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Beware of Home Remodeling Scams

Updated on August 9, 2012

What are the Rip-Offs in Remodeling and Building Construction?


Luckily, most re-modelers are honest business people who will do home improvement work fairly and competently. But the industry traditionally has been plagued by a minority of people who rip you off. Therefore, you should shop wisely when making home improvements.

There are verified findings in a report of the Consumer Federation of America states that home-improvement abuse is the country's number 1 consumer fraud in terms of dollar amount. The cruel abuse, it said, are "home equity rip-offs" that can include all types of improvements, from siding and carpeting to burglar alarms. Normally, the service is overpriced and is sold with financing at a remarkably high interest rate. Burglar alarm systems costing less than $750 for example, have been sold for prices exceeding $5,000. These are often sold with a so-called lien sales contract that permits a contractor to foreclose on your house, usually without even going to court, when you don't pay the bill or you miss a payment. So be mindful when signing a contract that puts a lien against your house.

The consumer group also warned of the following abuses:

Basement waterproofing

The salesperson tells you that the only way your wet basement can be fixed is with a special soil-injection method or pressure pump process that may cost from $1,500 to over $4,000. If you don't do it now, you will be told, you could be in for disastrous structural damage to your whole house. Actually, most leakage problems can be resolved with less expensive methods, and both the soil-technique and pressure-pump methods provide dubious effectiveness, experts say.

Roofing rip-off

The most common problems are unnecessary roof replacements, unfinished work, down payments taken by contractors who don't do the work, second-rate workmanship, and contractors working without a license or a bond, the CFA said.

Other problems include:

Bait-and-switch tactics

The practice of hooking you with a low price and then switching you to a higher priced repair isn't restricted to swimming pools. For instance, you call for an ad for an aluminum siding bargain, and a salesman goes to your house. The salesman really sells you the bargain siding. On his way out, he pauses and nonchalantly announces, "By the way, I forgot to tell you that we'll put your name and address on the back of the siding free of charge." "Why would you want to do that?" you ask. "Because," he replies, "if the wind rises above 30 miles per hour, this stuff will blow off. Having your name on it, makes it easy for anyone who finds it to return it to you." You start to panic, since you have just signed a contract to buy this "stuff." "Not to worry," the salesman says. "I have a better grade of siding that won't blow away. Of course, it costs a little more." Eager to get out of your deal, you sign a contract for the better siding, which literally costs a lot more. It surely would cost you a lot more for less quality than if you bought from a reputable dealer.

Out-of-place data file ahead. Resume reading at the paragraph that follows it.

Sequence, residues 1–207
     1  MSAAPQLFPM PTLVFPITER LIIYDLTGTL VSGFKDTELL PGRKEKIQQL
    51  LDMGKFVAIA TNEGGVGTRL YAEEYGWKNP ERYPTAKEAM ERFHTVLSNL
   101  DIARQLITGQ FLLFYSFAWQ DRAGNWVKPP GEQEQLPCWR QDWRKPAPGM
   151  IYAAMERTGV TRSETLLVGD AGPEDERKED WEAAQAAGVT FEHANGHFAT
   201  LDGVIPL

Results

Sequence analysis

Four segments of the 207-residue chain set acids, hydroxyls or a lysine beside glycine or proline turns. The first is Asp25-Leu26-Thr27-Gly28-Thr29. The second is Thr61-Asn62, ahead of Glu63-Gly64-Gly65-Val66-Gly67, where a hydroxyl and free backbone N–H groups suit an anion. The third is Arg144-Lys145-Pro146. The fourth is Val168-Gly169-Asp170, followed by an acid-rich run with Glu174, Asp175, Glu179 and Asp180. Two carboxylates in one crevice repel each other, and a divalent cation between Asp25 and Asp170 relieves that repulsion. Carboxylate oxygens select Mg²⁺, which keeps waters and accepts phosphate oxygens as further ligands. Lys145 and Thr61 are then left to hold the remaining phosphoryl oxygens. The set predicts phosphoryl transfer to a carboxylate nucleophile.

The Model Home Scheme

In this strategy, the salesperson volunteers to sell you siding or some other improvement at a bargain rate if you would agree to permit your home to be used as a model for the company's work. Moreover, the price will be reduced even further for every customer who signs up for the same job after seeing your home. Ordinarily, there are no other customers, and the improvement would have cost you more than you would pay if you purchased elsewhere.

Downgrading

This is the usual practice of selling you a high-quality home improvement materials at a premium price but then replacing it with lower quality—and cheaper—items when the work is done. For instance, a kitchen range might look like the one you're paying for as part of a modernization plan, but it may very well be a cheaper unit.

Important Considerations Before Investing on Home Improvements

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